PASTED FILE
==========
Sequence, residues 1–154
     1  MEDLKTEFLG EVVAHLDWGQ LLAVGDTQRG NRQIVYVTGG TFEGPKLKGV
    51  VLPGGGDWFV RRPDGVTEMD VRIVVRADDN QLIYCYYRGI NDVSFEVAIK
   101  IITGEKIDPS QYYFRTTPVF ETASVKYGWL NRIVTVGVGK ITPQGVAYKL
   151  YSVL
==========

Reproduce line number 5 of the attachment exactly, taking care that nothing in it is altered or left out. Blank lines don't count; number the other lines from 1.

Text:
   151  YSVL